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Anbarasi and the ribbonfish

Sharanya Manivannan | Updated on July 03, 2020 Published on July 03, 2020

A bit of heaven: “Mattakallappu often felt like it was more lagoon than land”   -  ISTOCK.COM

Based on a folk tale from eastern Sri Lanka about a little girl and her friend in the water

The first time Anbarasi met the ribbonfish, it had been such a hot day that at first she thought his scales were just coins of sunlight dancing on the water of the lagoon. Then he leapt out of the water, which caught her attention. She watched his undulations for a few moments, until he raised only his head out of the water and looked her right in the eyes, hypnotically unblinking, and that was it — from then on she crossed the lagoon with her thighs on either side of the long body of the ribbonfish. Because he was her friend, she no longer had to walk all the way down to the rickety, mossy, mushroom-sprouting timber bridge and hold her breath twice a day as she went across — first to take lunch to her brothers working in the fields, and then to go home afterwards. The ribbonfish told her to call him by any name she wanted to. He had only one request of Anbarasi: To buy her passage, she had to keep aside one ball of rice mixed with curry for him, which she would feed him as she disembarked after the day’s double crossings.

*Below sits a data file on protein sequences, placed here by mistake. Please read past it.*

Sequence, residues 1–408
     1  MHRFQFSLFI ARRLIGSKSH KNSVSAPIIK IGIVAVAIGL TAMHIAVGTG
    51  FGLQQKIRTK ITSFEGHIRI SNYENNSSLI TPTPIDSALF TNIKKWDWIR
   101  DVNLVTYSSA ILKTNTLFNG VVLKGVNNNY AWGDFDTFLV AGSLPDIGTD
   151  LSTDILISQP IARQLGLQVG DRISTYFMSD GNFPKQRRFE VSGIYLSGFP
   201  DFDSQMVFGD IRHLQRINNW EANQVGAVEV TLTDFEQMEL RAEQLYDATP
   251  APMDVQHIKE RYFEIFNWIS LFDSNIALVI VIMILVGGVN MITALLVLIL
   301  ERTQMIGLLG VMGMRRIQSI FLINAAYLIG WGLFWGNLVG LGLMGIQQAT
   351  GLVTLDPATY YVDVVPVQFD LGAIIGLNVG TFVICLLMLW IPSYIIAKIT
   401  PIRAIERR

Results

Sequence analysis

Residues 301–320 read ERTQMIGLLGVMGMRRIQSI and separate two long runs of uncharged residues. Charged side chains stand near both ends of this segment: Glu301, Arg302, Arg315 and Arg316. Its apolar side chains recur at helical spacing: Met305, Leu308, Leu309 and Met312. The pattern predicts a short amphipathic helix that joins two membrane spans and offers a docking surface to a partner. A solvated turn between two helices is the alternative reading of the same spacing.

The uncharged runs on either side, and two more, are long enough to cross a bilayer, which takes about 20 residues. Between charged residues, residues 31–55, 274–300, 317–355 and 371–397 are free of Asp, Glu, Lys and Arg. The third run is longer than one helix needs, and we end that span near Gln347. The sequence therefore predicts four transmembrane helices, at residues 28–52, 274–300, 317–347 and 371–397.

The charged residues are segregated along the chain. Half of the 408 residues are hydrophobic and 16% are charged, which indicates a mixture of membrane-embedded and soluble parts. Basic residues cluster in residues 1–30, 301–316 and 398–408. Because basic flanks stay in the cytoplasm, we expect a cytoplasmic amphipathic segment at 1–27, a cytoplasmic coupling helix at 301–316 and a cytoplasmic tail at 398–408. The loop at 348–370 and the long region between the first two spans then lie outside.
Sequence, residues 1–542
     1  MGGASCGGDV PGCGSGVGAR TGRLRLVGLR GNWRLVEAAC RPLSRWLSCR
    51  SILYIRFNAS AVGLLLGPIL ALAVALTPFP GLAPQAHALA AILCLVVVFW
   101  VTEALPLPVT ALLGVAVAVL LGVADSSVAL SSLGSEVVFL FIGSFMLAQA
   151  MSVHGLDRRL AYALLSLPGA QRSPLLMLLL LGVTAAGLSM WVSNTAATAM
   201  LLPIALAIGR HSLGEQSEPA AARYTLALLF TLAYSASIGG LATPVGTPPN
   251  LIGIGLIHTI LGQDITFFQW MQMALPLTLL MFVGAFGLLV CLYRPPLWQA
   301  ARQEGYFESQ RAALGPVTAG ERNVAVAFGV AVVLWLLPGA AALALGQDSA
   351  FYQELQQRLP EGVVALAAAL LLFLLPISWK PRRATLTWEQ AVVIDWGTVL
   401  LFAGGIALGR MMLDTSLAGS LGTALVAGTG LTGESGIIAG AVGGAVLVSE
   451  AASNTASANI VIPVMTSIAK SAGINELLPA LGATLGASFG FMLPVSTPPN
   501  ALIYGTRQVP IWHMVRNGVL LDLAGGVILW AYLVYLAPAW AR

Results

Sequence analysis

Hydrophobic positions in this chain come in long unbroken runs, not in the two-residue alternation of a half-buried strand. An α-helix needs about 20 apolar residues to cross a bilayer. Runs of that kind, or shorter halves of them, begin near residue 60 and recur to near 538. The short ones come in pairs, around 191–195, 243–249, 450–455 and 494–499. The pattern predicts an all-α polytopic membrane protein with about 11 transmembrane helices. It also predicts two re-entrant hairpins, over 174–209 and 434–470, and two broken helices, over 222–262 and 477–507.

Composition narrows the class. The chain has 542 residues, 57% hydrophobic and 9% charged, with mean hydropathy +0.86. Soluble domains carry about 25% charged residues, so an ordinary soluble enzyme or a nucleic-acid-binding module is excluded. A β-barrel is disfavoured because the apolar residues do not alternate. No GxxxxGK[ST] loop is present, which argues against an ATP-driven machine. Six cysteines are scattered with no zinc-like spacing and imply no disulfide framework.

Price to pay: “He had only one request of Anbarasi - To buy her passage, she had to keep aside one ball of rice mixed with curry for him”   -  ILLUSTRATION: SHARANYA MANIVANNAN

 

Because she knew she could never tell anyone about her friend the ribbonfish, Anbarasi never named him.